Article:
State Senate bill seeks to ban sex-selective abortions

OLYMPIA — Washington state is among a handful of states this year where lawmakers are seeking to ban abortions sought because of the gender of a fetus, something abortion rights groups say is a veiled effort to expand restrictions to abortion in the state.

Senate Bill 6612, sponsored by Republican Sen. Ann Rivers of La Center, would make it a Class C felony, carrying a maximum penalty of up to five years in prison and/or a $10,000 fine, for a doctor to knowingly perform or attempt an abortion sought solely because of the sex of the fetus. A physician would also face losing his or her medical license.

The bill, which has a public hearing Tuesday morning, notes that the United States, along with other counties, “has petitioned the United National General Assembly to declare sex-selection abortion a crime against women” and that India, Great Britain and China have all taken steps to end the practice.

“The victims of sex-selection abortion are overwhelmingly female,” the bill reads. “Women are a vital part of our society and culture and possess the same fundamental human rights as men.”

Rivers said she introduced the bill because several other states have already banned sex-selective abortions and she wanted to “have a collegial discussion about it.”

“I don’t think this bill will go anywhere, but I would like to keep the profile raised on this very important issue,” she wrote in a text message.

Abortion rights groups argue that sex-selective abortion is not an issue in the United States. Rachel Berkson, executive director of NARAL Pro-Choice Washington called the Senate bill “a Trojan horse to ban abortion.”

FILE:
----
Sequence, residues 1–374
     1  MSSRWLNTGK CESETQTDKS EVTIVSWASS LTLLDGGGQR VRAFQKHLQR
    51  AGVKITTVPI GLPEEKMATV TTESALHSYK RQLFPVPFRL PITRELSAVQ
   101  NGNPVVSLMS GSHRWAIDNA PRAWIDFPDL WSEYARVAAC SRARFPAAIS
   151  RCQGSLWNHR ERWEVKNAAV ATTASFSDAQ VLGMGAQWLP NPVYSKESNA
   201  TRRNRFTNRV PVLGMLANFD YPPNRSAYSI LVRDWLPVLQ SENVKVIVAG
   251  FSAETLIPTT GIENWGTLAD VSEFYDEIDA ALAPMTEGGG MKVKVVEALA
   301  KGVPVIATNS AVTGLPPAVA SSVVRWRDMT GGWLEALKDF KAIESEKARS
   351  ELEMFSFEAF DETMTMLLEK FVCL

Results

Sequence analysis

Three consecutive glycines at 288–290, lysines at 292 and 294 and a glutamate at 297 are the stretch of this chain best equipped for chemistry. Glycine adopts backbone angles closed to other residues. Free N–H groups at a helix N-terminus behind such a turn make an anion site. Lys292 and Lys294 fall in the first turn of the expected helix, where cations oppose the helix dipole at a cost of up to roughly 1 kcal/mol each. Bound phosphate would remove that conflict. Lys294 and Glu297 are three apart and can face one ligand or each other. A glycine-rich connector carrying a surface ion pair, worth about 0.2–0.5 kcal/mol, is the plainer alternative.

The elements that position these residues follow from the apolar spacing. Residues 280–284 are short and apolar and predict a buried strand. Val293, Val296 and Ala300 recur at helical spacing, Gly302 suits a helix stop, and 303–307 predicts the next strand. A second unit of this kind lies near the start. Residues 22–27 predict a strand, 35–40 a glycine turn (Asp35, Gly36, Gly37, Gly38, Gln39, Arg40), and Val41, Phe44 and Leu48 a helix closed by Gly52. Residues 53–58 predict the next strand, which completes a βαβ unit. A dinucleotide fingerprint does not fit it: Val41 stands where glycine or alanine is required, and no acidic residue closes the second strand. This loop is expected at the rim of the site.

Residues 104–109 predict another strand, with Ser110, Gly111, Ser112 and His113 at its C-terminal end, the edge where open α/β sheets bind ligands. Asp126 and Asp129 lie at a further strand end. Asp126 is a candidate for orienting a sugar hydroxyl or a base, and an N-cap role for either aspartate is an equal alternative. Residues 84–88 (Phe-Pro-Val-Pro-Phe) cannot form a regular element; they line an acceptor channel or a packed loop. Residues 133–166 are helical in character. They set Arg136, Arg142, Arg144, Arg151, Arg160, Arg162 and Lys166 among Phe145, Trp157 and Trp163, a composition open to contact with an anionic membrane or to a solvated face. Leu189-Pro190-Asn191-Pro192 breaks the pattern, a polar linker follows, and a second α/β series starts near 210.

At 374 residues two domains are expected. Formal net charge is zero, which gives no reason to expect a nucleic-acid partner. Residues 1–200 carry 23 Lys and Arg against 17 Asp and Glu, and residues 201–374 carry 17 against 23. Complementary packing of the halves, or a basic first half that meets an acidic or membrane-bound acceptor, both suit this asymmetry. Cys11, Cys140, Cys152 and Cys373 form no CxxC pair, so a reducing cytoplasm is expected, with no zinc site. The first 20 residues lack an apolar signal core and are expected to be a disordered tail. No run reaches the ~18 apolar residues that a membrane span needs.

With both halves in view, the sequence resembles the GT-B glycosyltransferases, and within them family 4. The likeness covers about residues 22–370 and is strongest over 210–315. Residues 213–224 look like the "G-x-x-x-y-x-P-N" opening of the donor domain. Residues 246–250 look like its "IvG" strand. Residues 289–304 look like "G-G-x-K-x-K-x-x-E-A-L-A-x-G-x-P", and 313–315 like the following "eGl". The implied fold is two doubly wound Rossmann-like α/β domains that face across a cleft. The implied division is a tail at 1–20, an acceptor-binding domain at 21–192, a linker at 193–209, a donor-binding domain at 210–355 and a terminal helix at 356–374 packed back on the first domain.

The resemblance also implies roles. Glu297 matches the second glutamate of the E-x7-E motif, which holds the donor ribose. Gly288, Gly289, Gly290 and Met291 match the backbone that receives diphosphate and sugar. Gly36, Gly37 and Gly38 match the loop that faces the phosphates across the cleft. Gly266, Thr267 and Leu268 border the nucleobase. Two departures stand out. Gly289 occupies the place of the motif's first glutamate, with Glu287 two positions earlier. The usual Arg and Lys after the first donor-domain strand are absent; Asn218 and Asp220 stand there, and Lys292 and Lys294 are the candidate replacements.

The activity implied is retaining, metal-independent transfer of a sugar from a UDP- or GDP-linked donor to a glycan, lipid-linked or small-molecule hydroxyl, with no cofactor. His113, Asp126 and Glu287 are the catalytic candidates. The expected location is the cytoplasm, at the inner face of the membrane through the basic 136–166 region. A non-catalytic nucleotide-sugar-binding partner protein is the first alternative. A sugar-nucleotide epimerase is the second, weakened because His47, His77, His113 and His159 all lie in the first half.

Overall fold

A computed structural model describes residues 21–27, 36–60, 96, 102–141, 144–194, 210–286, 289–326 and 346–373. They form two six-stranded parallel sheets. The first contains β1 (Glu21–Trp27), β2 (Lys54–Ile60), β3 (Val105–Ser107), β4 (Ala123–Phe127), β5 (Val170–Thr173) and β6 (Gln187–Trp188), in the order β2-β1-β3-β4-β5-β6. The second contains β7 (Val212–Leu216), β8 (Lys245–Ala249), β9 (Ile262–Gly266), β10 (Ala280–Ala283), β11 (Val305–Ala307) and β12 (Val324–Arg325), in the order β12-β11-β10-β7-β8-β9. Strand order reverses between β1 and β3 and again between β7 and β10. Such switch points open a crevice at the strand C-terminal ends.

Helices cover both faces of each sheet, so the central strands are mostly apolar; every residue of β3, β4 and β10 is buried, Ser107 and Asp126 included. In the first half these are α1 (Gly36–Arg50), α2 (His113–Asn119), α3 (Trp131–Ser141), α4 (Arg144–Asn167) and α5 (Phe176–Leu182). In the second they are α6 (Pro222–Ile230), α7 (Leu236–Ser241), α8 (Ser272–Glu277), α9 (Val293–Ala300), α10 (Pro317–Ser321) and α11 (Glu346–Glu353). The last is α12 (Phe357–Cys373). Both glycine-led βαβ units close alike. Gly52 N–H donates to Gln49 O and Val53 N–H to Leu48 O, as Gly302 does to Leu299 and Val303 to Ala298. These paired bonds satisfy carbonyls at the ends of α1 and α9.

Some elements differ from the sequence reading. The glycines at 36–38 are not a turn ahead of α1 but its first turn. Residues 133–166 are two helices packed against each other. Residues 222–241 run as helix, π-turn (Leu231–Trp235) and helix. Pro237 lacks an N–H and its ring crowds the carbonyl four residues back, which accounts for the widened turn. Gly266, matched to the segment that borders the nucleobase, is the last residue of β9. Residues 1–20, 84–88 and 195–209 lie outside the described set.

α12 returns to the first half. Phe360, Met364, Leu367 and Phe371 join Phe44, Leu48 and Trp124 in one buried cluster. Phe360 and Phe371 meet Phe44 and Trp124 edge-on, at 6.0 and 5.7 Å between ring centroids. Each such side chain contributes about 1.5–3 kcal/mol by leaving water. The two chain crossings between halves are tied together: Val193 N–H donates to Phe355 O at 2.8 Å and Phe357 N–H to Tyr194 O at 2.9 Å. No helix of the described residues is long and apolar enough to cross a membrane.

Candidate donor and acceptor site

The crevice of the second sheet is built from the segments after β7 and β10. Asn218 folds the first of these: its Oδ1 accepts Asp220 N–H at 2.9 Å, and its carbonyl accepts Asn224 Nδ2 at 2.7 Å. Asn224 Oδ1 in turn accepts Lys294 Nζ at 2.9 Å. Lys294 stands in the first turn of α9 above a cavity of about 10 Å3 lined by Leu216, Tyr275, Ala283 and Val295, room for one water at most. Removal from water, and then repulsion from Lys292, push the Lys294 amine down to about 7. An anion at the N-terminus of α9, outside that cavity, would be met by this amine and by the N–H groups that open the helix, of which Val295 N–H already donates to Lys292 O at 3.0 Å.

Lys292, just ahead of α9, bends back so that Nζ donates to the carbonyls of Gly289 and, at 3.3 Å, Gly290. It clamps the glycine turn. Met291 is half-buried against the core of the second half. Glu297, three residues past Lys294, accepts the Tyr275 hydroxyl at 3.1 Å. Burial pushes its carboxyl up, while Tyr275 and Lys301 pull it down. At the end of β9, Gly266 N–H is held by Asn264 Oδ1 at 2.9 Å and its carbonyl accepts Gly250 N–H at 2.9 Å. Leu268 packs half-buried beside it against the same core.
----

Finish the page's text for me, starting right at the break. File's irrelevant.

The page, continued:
“Of course, NARAL Pro-Choice Washington has long opposed and will continue to oppose reproductive coercion in any form, and that includes societal pressure to have a child of a particular sex,” Rachel Berkson, the group’s executive director, said Monday.

But Berkson said that it’s impossible for doctors to prove the reasons for why a woman is seeking an abortion, and she said she believes it could cause doctors to stereotype women from countries where sex-selection abortion is a known practice.

“We think this would unfairly harm them and stand in the way of their access,” she said.

Seven states currently ban sex-selective abortions, according to the Guttmacher Institute, an abortion rights advocacy group. According to the National Conference of State Legislature, at least four other states, in addition to Washington, have introduced similar measures this year: Indiana, Oregon, West Virginia and Missouri.

Even if the Washington state measure progresses out of the Republican-controlled Senate, it is not likely to gain traction in the Democratic-controlled House.

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